“Stop, Daddy, stop!” my sisters and I would excitedly beg our daddy when we saw a patch of daisies blooming beside the road in Tennessee. If it was safe to do so, he would pull the car off the road, and we would scramble out and pick bouquets of daisies to take home.
Later as a grown-up, I would stop my own car to pick daisies with my children, passing the tradition on to the next generation. Even today, it is a joy to see daisies growing alongside the road, for instance, at the top of Wolf Creek Pass in Colorado or in the high country of Canada. Seeing daisies in bloom brings back my happy childhood memories.
When we were children, my siblings and I had very few store-bought toys. So we spent many hours outside in nature—picking wild flowers, climbing trees, planting seeds, and learning to identify birds. Our daddy taught us to identify trees by their leaves and the bark, and how to mimic the whistle of a female bobwhite.
When we heard the “bobwhite” call of the male, we would climb high into a tree and “whistle him up” closer. It was exciting when the bird flew closer and closer; we could tell because his bobwhite responses grew louder and louder. Such delight for a child to fool a bobwhite!
But picking daisies is still one of my favorite memories. In spite of the fact that their fragrance is not particularly pleasant, their beauty can brighten a home for days! So it is no wonder that I relate to Nadine Stair’s poem “I’d Pick More Daisies,” written when she was 85 years old.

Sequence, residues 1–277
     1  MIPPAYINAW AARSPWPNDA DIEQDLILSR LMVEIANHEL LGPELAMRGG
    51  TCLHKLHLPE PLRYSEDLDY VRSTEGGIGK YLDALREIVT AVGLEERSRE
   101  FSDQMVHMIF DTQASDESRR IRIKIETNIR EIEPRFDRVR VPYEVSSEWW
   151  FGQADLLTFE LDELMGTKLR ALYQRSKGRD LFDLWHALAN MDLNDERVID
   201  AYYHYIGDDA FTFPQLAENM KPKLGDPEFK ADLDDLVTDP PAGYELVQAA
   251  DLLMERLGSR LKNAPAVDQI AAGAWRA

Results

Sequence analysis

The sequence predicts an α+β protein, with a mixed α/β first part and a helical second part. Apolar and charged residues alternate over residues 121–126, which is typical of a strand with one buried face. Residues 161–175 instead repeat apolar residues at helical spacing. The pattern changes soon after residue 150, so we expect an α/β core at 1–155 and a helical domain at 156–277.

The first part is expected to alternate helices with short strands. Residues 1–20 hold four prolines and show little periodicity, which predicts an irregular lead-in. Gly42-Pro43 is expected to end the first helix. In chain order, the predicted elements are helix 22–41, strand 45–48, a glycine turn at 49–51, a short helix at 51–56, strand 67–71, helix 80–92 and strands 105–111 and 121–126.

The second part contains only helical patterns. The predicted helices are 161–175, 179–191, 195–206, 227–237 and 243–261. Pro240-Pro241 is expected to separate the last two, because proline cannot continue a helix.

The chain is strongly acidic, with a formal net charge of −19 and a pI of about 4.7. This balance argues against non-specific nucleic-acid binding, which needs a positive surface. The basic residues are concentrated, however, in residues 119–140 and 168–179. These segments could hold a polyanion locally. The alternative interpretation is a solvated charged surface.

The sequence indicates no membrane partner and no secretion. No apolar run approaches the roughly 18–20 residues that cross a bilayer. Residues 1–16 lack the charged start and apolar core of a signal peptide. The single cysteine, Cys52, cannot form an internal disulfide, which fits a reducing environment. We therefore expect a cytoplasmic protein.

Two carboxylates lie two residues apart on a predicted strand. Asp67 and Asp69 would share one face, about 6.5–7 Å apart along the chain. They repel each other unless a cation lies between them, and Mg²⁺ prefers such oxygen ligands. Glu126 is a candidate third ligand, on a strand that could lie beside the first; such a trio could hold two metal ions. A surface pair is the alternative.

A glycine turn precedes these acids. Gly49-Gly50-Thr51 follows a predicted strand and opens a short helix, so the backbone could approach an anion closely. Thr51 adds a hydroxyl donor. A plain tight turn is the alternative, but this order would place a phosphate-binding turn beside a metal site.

Perhaps, as Nadine was getting older, she looked back at her life with some regrets. Or maybe she just realized that it was time to find enjoyment in every moment she could. In case you have never read her poem, here it is—“I’d Pick More Daisies.”
If I had my life to live over,
I’d try to make more mistakes next time.
I would relax. I would limber up.
I would be sillier than I have on this trip.
I would be crazier. I would be less hygienic.
I would take more chances,
I would take more trips.
I would climb more mountains,
Swim more rivers, and watch more sunsets.
I would burn more gasoline.
I would eat more ice cream and less beans.
I would have more actual troubles
And fewer imaginary ones. . . .
Oh, I have had my moments.
And if I had it to do over again, I’d have more to them.
In fact, I’d try to have nothing else.
Just moments, one after another,
Instead of living so many years ahead each day.
I have been one of those people who
Never goes anywhere without a thermometer,
A hot water bottle, a gargle, a raincoat, and a parachute.
If I had to do it over again,
I would go places and do things.
I’d travel lighter than I have,
I would start barefooted earlier in the spring
And stay that way later in the fall. . . .
I would ride on merry-go-rounds.
I’d pick more daisies!
The older I get, the faster each year seems to zoom by. In my younger adult years, I used to try to get all the work finished before doing anything fun. The only problem was that there was seldom time for fun after I got all my work done—you may relate! Now I try to work and play.
After my husband’s death, it became even more important to find enjoyment every day—in the small things; in nature; in time with those I love; in doing things I enjoy. If you too are hurting from a loss, I encourage you to live your life without regrets, to search for enjoyment, to slow down, to stop the car, and “pick more daisies.”
Call about the next "Living Life after Loss" Group at:
Meadowlark Hospice 709 Liberty Clay Center, Kansas
Dawn Phelps, RN/LMSW, Group Facilitator